Three years after losing her mother, photographer Lebohang Kganye searched for a way to live in her mother’s memory. The project that was born from this idea, Ke Lefa Laka, was awarded the Contemporary African Photography (CAP) Prize, an annual recognition of artists that engage with the African continent and its diaspora.
We spoke to the Johannesburg-based artist, who was announced as Global Artist of the Year in the Rise Art Prize in 2017. She speaks about memory, loss and recreating history through her work.
Ke Lefa Laka is Sotho for ‘my inheritance’. “It’s things that someone leaves behind for you which are a part of them,” explains Kganye. Partnering with her sister, Kganye chose to represent her inheritance by embodying her late mother.
She did this by wearing her mother’s clothes and inserting herself into photographs that were taken of her mother before her passing. She becomes a spectral mirror of her mother in the moments that shaped her life.
“Me trying to be her, and me trying to embody her was about me celebrating her but it also had to do with me finding her again. Trying to find a way for us to continue a conversation,” says Kganye.
The idea of wanting to live in these memories led Kganye around South Africa as she traced her roots. She says her family left the farmlands of the Free State behind to move to the city as Apartheid was ending. The first to leave was her grandfather, and so, the first home he bought became the go-to place for each relative and friend looking to start a new life.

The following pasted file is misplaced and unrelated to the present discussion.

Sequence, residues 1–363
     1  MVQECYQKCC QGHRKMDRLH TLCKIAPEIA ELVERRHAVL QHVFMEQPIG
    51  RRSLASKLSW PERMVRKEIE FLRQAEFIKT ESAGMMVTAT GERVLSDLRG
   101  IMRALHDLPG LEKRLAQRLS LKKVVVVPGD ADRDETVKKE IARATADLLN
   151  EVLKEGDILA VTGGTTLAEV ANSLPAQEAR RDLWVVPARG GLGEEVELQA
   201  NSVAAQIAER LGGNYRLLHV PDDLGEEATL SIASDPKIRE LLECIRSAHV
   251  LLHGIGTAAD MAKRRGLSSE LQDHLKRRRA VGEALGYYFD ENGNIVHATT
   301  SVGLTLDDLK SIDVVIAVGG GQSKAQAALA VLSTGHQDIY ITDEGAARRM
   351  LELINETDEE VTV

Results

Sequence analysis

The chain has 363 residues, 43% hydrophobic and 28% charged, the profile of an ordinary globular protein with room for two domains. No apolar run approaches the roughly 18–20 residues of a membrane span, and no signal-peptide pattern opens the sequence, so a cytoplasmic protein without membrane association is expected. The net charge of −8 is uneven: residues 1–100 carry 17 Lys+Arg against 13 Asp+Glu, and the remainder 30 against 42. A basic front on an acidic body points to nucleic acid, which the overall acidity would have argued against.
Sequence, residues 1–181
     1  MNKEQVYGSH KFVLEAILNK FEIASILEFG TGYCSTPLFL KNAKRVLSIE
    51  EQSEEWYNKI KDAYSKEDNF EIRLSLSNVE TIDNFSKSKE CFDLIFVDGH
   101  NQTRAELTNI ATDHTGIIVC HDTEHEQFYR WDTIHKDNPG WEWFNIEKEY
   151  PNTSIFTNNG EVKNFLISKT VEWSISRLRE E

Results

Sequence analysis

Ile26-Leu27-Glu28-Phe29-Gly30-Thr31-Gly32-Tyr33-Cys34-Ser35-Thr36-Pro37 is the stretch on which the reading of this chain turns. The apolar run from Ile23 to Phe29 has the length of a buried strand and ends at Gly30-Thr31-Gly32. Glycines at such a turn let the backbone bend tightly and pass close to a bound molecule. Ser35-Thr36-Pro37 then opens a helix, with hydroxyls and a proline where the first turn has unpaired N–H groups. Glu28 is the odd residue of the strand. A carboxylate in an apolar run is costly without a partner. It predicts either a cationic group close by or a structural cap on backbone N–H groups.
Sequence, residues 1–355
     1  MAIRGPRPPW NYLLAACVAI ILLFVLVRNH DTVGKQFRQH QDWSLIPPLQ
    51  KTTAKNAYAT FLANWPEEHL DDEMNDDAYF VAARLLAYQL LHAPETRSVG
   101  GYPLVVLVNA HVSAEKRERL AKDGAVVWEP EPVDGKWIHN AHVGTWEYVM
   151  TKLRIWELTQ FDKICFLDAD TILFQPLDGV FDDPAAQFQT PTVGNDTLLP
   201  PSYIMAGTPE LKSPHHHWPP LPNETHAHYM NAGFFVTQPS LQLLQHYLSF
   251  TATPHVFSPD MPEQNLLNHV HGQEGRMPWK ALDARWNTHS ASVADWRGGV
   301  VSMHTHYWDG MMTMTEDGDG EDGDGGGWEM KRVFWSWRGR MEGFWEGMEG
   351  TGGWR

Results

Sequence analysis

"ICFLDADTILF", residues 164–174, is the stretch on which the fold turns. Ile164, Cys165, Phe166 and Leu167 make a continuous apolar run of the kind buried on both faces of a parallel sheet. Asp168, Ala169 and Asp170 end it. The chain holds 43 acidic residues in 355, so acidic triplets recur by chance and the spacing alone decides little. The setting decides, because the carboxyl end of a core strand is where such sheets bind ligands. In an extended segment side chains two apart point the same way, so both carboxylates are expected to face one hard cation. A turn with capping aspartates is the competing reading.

Each family member she visited had a story about her grandfather, including how their surname changed as the Apartheid-era administration butchered the spelling.
“The oral history is important especially in relation to our surnames and clan phrases because a lot of it is told orally and it’s passed down orally and that’s why finding out what the actual surname was becoming less and less important,” says Kganye.
Kganye embodied her grandfather for the second part of the Ke Lefa Laka project. But instead of inserting herself into existing photographs, she recreated the stories that were told to her using black and white cardboard cutouts.
Dressed as her grandfather, Kganye is the only aspect of colour in the scene, creating a juxtaposition of the present and the past.
The artist explains that for her, this juxtaposition explores an aspect of history that isn’t often discussed: a large part of history and memory is in fact fantasy.
“I’m reimagining the scenes through what I’ve been told. It also speaks to the idea of how memory is not tangible. This idea of history being reliant on memory – there’s no truth in that. And it’s not a critique on that but it’s just a realisation,” she adds.
Kganye has exhibited in multiple cities in South Africa and also internationally in cities like London, Amsterdam, Paris and New York. While her work draws on personal history, her themes are universal.
“Anyone can relate to the search for belonging and family, and trying to include yourself in a family history, feeling dislocated in the family somehow, feeling like an outsider. So I think it’s quite relatable,” she says. “The project evolves around how my family landed in Johannesburg – how they ended up in the city from the farmlands. But it’s really a relatable story. There are stories of migration from around the world. It’s not a foreign story.”
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